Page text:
Spencer Group has enjoyed a phenomenal start to 2016, which has seen the securing of £86 million of work; that total is £121 million when combined with the Group’s energy works. Depot enhancement projects are significant in this recent success, most of which are part of the Intercity Express Programme (IEP).
Craigentinny, with a capacity for 176 rail vehicles, is the biggest depot in Scotland by far. Its reception road begins two miles east of Edinburgh Waverley station and includes two fuelling roads for HSTs and Voyagers after which is the main depot. The depot complex is 1.25 miles long and is energized at 25kV (except for the heavy maintenance and repair roads and the Portobello servicing facility – the part of the depot which is furthest away from Edinburgh).
Craigentinny’s reliable train maintenance stems from its skilled staff, who have many years of experience. However, this maintenance regime is now changing due to Virgin Trains’ unveiling of its new Azuma trains (under Hitachi ownership) on 18 March 2018.
Getting the depot ready for Azuma trains began in November 2015 when Spencer Group started work to install a new Garrandale washing plant. This is housed in a 40-metre-long x 6.5-metre-wide steel clad building and will wash trains at temperatures as low as -5°C and will recycle 70 per cent of the water used. This work involves alterations to the fuelling point, with significant track and OLE alterations. It will be completed in July 2016.
As a result of close liaison between the depot and Spencer Group, these alterations will not reduce work done by the depot. Nevertheless, there are some operational constraints; for example, during a week in May when a Kirow crane will remodel the depot layout, it will only be possible to access the depot from its Portobello end during the daytime.
The next stage will create additional facilities within the depot. Synchronous jacks are to be installed within the inspection shed for bogie replacement and number 2 maintenance road is to have a roof-level inspection gantry. A bogie drop is also required in the maintenance shed. However, as the shed is not long enough to accommodate a HST train and build a bogie drop, this installation will not start until VTEC has given up its lease in August 2018.
Ferme Park, London
Ferme Park is also part of the IEP Depots framework. At this location in North London, Spencer Group completed the enhancement project in January 2016. The upgrade to Ferme Park – as will be the case for all IEP depots – facilitated the maintenance of Hitachi Trains’ new fleet of Class 800 and 801 Super Express Trains; they will run at speeds of up to 125mph and reduce journey times on the East Coast main line (ECML).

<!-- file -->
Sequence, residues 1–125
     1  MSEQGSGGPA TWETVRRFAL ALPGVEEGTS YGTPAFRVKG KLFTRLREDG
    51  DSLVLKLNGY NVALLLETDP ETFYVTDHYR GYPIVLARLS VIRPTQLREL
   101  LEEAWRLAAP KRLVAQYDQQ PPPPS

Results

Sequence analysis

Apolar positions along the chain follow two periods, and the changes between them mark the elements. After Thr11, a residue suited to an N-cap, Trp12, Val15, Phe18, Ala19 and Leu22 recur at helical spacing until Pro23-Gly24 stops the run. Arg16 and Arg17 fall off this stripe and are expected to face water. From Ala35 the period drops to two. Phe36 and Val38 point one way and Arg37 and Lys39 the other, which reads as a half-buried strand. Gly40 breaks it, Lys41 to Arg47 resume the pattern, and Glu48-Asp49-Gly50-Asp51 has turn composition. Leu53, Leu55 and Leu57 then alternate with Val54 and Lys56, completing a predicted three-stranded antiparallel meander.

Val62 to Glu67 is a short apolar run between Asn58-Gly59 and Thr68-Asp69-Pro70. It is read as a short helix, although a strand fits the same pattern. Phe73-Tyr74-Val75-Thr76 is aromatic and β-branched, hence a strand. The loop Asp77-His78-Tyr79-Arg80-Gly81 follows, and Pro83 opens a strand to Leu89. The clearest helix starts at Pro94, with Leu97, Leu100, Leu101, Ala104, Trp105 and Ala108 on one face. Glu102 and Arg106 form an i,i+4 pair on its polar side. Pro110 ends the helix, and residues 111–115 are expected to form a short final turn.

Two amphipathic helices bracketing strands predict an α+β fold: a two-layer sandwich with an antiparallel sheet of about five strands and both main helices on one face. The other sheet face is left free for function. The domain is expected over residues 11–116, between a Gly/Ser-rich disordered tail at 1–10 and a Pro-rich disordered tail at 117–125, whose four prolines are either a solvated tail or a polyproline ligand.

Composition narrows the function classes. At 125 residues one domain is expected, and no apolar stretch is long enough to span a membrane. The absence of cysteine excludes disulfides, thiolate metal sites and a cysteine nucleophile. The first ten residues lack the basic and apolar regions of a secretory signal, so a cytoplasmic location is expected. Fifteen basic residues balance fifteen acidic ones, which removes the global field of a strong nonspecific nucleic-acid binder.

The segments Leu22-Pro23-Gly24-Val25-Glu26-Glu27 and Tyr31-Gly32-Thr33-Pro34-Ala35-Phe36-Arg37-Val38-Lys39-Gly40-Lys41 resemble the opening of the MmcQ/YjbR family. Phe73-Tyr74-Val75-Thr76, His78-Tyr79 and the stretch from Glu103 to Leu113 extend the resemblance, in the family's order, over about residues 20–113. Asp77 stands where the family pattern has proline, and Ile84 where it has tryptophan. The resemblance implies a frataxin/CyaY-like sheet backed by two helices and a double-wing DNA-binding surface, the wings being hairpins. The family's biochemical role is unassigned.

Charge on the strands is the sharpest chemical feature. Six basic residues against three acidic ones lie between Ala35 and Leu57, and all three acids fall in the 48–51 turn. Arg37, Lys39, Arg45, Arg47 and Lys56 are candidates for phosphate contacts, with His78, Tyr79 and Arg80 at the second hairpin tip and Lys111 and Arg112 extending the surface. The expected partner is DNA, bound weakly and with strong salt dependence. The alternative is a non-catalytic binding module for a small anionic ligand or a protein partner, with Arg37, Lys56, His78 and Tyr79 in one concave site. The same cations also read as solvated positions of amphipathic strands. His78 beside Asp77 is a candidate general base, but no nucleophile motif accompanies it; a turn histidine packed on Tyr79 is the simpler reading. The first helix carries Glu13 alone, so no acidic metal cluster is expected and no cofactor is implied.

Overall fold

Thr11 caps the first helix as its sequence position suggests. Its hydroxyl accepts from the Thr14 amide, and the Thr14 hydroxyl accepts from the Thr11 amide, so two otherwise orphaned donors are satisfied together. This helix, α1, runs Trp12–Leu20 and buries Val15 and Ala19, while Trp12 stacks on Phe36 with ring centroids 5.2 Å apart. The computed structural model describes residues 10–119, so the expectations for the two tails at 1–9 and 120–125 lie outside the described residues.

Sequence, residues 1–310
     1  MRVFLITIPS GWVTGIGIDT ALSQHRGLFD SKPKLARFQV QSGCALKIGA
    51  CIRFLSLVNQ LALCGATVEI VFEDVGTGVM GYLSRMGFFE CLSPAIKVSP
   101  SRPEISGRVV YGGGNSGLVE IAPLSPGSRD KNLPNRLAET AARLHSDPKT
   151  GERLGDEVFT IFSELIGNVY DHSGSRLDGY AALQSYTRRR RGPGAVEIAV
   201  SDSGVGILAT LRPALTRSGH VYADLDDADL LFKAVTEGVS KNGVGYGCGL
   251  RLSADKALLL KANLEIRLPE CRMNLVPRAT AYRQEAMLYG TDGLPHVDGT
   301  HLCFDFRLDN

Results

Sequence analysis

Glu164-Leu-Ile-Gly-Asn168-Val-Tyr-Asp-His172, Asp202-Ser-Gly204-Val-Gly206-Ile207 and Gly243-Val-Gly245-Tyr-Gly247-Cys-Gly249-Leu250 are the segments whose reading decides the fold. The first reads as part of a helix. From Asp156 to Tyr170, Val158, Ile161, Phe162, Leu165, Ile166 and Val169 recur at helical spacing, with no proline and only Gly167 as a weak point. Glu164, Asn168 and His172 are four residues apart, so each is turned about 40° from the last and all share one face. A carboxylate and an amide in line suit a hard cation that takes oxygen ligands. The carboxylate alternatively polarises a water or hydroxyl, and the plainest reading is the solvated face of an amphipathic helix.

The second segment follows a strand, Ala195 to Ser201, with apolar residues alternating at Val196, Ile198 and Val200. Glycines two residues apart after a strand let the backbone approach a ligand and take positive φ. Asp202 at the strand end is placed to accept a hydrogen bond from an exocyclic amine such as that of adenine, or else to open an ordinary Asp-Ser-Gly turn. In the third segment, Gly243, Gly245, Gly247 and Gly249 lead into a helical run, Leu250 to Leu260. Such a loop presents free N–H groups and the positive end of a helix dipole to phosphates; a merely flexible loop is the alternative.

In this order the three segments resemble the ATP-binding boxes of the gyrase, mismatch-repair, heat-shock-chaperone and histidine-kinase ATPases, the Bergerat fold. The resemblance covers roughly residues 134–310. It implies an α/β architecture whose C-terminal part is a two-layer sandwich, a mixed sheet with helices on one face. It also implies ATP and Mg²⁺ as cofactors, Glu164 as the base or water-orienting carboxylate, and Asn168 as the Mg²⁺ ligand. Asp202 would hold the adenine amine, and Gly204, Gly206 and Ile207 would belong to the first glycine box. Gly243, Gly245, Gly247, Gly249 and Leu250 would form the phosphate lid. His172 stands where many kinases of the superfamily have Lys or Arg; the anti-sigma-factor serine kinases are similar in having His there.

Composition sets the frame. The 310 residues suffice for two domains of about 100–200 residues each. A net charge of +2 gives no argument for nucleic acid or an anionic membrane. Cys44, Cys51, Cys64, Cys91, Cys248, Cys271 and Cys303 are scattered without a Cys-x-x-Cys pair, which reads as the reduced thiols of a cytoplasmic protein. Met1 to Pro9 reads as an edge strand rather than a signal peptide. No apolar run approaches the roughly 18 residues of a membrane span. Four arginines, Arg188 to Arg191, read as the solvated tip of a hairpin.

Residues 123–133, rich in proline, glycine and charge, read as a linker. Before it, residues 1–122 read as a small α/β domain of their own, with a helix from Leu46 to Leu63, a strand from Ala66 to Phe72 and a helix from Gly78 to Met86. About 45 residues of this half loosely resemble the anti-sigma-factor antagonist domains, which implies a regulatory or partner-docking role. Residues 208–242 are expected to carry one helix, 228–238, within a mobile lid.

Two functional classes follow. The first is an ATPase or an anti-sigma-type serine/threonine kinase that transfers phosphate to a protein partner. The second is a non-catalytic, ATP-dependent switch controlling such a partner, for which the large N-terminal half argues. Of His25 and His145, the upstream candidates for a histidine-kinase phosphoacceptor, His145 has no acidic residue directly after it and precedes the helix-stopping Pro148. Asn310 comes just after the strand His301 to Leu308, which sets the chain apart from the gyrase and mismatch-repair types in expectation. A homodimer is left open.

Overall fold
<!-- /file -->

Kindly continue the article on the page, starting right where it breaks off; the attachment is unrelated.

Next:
Spencer Group’s on-site team encountered numerous unforeseen challenges along the way, but managed to overcome them in order to meet the specifications of the project on time, to budget and with zero accidents/incidents over approximately 38,500 hours worked. The team was required to install facilities to refuel, empty the controlled emission toilets and replenish the water tanks. A fuel system additive – AdBlue® – has also been supplied at each fuel point.
Employing its multidisciplinary in-house design team, Spencer Group was able to provide a full design and build service, completing the detailed design of all civils and M&E. One of the main challenges through the design was the requirement to provide stormwater attenuation within the apron structure so as to not exceed the capacity of the existing drainage system. This meant providing an attenuated track slab and hydrobrake unit to aid in the storage of water and slow the release of storm water.
Contracts were signed in 2012 for the first phase of the Intercity Express Programme at Doncaster, for trains for the Great Western Main Line. The second phase, to enable trains to run on the ECML, began in 2014. The latter involved the construction of the Doncaster Carr train depot, alongside the ECML.